The answers here seem really complex (but accurate, nonetheless.) So here are my thoughts.
First, I like dmckee's (operational) definition of an FSM and how they apply to programming.
A finite state machine consists of a
finite number discrete of states (I
know pedantic, but still), which can
generally be represented as integer
values. In c or c++ using an
enumeration is very common.
The machine responds to a finite
number of inputs which can often be
represented with another integer
valued variable. In more complicated
cases you can use a structure to
represent the input state.
Each combination of internal state and
external input will cause the machine
- possibly transition to another state
- possibly generate some output
So you have a program. It has states, and there is a finite number of them. ("the light bulb is bright" or "the light bulb is dim" or "the light bulb is off." 3 states. finite.) Your program can only be in one state at a time.
So, say you want your program to change states. Usually, you'll want something to happen to trigger a state change. In this example, how about we take user input to determine the state - say, a key press.
You might want logic like this. When the user presses a key:
- If the bulb is "off" then make the bulb "dim".
- If the bulb is "dim", make the bulb "bright".
- If the bulb is "bright", make the bulb "off".
Obviously, instead of "changing a bulb", you might be "changing the text color" or whatever it is you program needs to do. Before you start, you'll want to define your states.
So looking at some pseudoish C code:
/* We have 3 states. We can use constants to represent those states */
#define BULB_OFF 0
#define BULB_DIM 1
#define BULB_BRIGHT 2
/* And now we set the default state */
int currentState = BULB_OFF;
/* now we want to wait for the user's input. While we're waiting, we are "idle" */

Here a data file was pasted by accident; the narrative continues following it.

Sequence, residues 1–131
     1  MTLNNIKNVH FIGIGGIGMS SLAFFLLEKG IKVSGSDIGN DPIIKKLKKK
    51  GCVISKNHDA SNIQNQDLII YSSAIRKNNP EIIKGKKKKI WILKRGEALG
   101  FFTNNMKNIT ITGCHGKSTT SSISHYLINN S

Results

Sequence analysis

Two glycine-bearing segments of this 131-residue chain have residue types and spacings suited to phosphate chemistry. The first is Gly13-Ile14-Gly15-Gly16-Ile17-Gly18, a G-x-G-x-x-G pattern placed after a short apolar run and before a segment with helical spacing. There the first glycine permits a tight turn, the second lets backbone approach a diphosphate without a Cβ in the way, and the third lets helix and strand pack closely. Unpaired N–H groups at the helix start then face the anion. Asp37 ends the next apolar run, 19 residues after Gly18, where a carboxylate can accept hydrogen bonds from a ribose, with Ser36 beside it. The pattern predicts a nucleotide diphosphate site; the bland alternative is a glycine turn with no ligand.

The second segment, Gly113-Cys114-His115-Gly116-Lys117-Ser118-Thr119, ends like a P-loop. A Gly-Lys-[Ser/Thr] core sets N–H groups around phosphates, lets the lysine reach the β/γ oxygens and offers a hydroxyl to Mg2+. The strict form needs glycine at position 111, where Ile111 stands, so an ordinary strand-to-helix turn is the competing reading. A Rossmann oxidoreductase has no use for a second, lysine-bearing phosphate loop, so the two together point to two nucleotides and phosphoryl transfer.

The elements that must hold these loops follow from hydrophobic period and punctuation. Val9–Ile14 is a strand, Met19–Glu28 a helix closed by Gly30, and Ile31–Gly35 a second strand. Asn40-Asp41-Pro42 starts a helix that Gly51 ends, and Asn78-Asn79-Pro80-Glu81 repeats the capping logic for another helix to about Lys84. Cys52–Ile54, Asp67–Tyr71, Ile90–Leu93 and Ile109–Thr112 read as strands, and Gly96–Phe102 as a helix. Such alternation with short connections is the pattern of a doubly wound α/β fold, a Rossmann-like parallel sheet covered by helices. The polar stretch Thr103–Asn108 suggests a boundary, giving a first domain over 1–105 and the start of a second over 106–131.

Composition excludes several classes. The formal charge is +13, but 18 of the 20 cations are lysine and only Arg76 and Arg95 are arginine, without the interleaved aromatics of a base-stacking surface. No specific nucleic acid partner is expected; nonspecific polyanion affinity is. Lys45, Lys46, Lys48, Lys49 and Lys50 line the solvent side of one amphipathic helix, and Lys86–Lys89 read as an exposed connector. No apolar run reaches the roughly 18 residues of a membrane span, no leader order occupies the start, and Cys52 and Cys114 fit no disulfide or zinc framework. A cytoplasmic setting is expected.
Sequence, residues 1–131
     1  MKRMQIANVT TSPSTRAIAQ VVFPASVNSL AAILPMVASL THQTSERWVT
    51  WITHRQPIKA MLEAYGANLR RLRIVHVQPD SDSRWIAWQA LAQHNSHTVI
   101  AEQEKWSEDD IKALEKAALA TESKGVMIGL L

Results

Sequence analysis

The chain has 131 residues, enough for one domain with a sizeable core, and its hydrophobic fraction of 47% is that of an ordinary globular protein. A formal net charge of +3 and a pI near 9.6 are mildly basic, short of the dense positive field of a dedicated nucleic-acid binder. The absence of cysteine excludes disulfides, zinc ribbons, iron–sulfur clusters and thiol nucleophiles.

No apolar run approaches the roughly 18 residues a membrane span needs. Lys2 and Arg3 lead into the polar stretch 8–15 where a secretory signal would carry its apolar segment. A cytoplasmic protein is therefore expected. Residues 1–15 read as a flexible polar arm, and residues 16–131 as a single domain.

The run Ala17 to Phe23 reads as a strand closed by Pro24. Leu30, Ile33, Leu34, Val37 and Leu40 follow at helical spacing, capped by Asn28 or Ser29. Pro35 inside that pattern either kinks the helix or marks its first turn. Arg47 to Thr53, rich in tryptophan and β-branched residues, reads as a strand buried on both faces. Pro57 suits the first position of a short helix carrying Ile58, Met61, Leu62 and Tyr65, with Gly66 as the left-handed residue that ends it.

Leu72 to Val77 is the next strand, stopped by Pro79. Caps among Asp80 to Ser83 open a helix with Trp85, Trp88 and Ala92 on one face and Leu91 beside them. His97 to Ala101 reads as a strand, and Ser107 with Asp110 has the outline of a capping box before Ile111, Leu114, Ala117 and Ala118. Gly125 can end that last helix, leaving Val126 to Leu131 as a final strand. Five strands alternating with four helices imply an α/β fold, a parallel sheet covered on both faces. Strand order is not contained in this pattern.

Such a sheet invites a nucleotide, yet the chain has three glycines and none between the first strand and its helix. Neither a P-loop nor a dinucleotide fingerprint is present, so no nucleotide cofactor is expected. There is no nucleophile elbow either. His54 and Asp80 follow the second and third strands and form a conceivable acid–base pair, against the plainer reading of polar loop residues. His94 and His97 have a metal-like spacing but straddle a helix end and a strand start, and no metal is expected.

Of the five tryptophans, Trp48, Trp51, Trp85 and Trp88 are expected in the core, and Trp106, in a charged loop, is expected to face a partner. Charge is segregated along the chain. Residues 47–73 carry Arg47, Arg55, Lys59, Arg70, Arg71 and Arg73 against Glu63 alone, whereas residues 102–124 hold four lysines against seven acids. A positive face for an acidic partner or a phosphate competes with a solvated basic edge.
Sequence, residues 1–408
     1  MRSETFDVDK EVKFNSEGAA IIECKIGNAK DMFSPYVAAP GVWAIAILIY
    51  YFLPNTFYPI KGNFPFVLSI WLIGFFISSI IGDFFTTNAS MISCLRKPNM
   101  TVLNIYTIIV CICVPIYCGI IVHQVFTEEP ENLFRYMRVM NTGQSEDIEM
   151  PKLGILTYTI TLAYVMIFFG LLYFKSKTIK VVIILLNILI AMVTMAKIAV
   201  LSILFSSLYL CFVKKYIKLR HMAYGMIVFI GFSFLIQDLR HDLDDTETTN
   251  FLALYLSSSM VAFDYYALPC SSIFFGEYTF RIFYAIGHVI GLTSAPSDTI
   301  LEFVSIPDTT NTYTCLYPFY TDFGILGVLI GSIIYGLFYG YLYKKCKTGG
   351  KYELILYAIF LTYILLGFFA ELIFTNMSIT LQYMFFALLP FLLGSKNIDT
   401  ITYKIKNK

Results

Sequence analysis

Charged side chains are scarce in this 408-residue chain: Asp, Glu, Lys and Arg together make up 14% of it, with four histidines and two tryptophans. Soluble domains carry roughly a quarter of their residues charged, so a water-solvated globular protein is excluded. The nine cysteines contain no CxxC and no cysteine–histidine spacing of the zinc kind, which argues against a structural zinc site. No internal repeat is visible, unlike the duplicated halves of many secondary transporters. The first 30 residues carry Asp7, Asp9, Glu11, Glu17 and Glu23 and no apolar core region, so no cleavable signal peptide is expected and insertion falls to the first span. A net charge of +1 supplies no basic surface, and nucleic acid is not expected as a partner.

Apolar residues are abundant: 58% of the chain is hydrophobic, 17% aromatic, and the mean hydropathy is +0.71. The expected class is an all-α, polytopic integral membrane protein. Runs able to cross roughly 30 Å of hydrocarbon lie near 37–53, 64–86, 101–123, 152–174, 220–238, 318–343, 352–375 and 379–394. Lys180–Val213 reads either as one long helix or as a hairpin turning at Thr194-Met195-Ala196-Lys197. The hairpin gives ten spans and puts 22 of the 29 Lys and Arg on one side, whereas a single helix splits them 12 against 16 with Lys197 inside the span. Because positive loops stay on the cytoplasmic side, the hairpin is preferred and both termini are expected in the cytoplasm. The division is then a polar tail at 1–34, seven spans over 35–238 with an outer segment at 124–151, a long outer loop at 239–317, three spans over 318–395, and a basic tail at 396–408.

waitForUserKeystroke(); /* Waiting for something to happen... */
/* Okay, the user has pressed a key. Now for our state machine */
currentState = BULB_DIM;
currentState = BULB_BRIGHT;
currentState = BULB_OFF;
And, voila. A simple program which changes the state.
This code executes only a small part of the
switch statement - depending on the current state. Then it updates that state. That's how FSMs work.
Now here are some things you can do:
Obviously, this program just changes the
currentState variable. You'll want your code to do something more interesting on a state change. The
doCoolBulbStuff() function might, i dunno, actually put a picture of a lightbulb on a screen. Or something.
This code only looks for a keypress. But your FSM (and thus your switch statement) can choose state based on what the user inputted (eg, "O" means "go to off" rather than just going to whatever is next in the sequence.)
Part of your question asked for a data structure.
One person suggested using an
enum to keep track of states. This is a good alternative to the
#defines that I used in my example. People have also been suggesting arrays - and these arrays keep track of the transitions between states. This is also a fine structure to use.
Given the above, well, you could use any sort of structure (something tree-like, an array, anything) to keep track of the individual states and define what to do in each state (hence some of the suggestions to use "function pointers" - have a state map to a function pointer which indicates what to do at that state.)
Hope that helps!